One of the hard things about having a 6 year old learn what I think (?) is 3rd or 4th grade subject matter is the disparate maturity level. His ability to deal with frustration is still very much six (sometimes younger). The higher level concepts aren't the problem as much as the sheer effort to wade through the work. (e.g. 3 digits times 3 digits takes some stamina unless you're prodigious and can do it in your head:). 

 

 

My question is, why? Why does he need to get it now? He could wait 6 months and nail it in 5 minutes. This frustration you mention he needs to work through... it's not age appropriate and he's telling you this with his tantrums. A little naturally earned maturity and he will have the stamina to do 3 digit multiplication no problem. Why push it now? There is no reason for it. Parenting is a long haul. What might seem like triumphs now can hurt down the road. Internal drive is not something that can be taught by external force. 

 

I don't doubt you can force him through it but that risks your relationship with him. It hurts his long-term self-esteem when he begins to realize that he only seems able to push through things with mom behind him. He'll get a whole lot more from finding his OWN challenges and the motivation he needs to reach his OWN goals. He's 6. He doesn't need to be doing 3rd grade math.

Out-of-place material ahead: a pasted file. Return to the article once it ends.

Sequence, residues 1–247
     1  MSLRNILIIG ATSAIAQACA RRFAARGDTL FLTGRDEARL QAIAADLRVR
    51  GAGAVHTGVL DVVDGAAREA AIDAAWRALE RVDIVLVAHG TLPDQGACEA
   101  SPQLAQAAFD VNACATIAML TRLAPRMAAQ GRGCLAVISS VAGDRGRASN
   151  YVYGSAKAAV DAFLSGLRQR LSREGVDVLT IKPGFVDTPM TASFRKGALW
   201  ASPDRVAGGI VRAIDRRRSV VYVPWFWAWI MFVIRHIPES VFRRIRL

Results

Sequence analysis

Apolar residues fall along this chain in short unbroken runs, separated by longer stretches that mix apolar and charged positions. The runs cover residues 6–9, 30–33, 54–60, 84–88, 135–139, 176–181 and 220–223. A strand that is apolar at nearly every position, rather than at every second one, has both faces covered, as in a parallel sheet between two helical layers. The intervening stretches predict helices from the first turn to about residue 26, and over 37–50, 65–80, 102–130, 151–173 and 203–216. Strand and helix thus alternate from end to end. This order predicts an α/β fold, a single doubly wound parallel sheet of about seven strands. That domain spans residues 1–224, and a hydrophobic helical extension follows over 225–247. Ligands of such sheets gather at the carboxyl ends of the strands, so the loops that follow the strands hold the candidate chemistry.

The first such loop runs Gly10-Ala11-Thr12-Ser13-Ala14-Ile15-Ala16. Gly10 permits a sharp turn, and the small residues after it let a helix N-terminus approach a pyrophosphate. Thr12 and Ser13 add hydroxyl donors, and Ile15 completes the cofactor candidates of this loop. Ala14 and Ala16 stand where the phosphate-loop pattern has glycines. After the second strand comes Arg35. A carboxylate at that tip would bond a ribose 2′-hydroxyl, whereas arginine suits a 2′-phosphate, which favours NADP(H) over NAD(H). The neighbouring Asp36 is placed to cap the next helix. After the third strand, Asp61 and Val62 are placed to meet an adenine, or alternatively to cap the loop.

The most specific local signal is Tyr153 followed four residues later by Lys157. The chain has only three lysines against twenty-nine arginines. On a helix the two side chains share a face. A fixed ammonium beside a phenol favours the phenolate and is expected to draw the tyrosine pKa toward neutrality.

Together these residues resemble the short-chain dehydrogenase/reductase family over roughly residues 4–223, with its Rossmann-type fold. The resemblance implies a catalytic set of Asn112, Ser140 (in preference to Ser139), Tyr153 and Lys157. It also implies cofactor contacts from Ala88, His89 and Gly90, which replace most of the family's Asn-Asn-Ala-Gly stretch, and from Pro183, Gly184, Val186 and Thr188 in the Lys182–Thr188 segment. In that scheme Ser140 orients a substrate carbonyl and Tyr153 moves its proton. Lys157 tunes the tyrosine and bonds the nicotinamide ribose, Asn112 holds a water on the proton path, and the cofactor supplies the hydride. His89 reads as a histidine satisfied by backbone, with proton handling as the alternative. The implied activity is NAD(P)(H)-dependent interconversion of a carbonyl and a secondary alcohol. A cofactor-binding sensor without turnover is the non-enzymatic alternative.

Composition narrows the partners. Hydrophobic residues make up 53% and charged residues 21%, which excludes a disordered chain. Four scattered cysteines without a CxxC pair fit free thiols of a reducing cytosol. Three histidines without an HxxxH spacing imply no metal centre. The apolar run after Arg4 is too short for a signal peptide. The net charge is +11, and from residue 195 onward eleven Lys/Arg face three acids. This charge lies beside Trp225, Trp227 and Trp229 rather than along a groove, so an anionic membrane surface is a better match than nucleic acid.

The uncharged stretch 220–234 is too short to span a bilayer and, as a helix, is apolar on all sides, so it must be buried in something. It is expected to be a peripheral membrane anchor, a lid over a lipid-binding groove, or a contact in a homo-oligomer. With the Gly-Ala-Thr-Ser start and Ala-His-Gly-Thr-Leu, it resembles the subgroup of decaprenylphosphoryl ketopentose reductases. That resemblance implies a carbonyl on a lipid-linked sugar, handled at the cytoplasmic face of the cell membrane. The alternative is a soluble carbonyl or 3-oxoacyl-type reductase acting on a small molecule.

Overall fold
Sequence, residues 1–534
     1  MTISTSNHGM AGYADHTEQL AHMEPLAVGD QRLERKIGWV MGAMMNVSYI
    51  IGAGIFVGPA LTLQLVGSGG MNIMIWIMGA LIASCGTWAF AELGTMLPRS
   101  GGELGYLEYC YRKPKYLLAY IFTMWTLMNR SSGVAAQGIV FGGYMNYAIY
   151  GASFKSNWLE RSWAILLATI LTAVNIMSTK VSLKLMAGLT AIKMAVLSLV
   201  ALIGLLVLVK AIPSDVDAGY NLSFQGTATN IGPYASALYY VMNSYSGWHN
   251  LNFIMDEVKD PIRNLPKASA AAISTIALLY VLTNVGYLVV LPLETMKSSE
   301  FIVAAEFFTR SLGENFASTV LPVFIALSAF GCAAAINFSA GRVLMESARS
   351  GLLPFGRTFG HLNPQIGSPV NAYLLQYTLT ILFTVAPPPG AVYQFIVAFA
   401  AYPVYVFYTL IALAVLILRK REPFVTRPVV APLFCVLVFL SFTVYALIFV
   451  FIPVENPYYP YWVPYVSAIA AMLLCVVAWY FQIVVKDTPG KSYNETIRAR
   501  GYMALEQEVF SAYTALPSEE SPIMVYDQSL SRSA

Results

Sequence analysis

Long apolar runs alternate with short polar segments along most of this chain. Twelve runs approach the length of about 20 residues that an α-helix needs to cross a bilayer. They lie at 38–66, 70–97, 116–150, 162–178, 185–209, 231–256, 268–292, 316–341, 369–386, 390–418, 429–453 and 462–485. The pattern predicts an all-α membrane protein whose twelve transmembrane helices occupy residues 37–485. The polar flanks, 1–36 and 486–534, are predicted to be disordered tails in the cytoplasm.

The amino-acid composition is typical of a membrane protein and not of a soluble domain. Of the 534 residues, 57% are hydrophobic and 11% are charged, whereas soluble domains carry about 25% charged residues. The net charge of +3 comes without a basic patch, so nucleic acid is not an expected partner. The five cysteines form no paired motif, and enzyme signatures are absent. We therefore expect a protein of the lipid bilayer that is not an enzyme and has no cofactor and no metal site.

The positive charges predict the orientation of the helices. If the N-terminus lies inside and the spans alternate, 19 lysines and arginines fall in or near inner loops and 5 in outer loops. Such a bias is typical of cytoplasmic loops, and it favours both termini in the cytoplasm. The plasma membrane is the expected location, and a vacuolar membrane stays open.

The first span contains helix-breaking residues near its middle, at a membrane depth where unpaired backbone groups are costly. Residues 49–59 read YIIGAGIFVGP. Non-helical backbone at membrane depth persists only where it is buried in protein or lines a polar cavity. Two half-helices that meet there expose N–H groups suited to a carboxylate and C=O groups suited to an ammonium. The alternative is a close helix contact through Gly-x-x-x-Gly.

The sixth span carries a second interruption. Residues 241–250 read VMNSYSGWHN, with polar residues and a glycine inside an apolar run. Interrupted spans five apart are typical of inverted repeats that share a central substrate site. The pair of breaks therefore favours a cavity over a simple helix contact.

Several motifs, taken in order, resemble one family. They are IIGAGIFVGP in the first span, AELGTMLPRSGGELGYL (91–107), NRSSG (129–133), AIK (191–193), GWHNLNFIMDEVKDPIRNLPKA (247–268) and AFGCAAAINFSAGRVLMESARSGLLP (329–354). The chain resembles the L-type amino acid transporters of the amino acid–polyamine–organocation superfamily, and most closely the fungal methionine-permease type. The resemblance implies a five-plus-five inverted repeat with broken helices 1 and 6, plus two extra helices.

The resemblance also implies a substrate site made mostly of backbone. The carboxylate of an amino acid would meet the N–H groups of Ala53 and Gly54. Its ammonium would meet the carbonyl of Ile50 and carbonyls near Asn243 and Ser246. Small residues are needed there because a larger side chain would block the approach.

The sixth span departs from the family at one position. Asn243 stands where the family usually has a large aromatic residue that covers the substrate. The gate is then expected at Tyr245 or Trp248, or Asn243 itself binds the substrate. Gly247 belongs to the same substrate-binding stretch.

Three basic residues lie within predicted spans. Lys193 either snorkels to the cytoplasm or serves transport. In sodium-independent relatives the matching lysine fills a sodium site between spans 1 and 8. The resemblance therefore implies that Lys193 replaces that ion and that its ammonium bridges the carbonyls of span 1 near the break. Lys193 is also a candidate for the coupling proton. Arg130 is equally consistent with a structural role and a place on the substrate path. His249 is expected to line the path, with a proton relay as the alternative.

For what it's worth, my eldest didn't count past 20 until she was 5 and in kindergarten. We didn't push it. When she took interest, she plowed through 2 years of curriculum independently in 6 weeks. At 15, she started college. My youngest has always loved math and is years ahead without my having ever handing him a math worksheet. Just be cautious and pay attention to what your child is telling you.

post #10 of 42
Quote:
Please keep in mind that my son is an advanced reader for his age who has shown the ability to sit still for nearly two hours running with a book.

 

If he can sit down and read a book that he enjoys, I would drop the reading "requirement" and instead substitute it with signing up for summer reading programs, making regular trips to the library and surprising him with new books that you think he might like.

post #11 of 42
Quote:
Originally Posted by CamMom View Post

 

I'm not going to require reading- I'm a big reader myself only because I enjoy it. I would deeply regret messing up his reading enjoyment by turning it into a chore. Right now, he's headlong into comic and graphic novels, so I will grit my teeth and accept that there are still some words on the page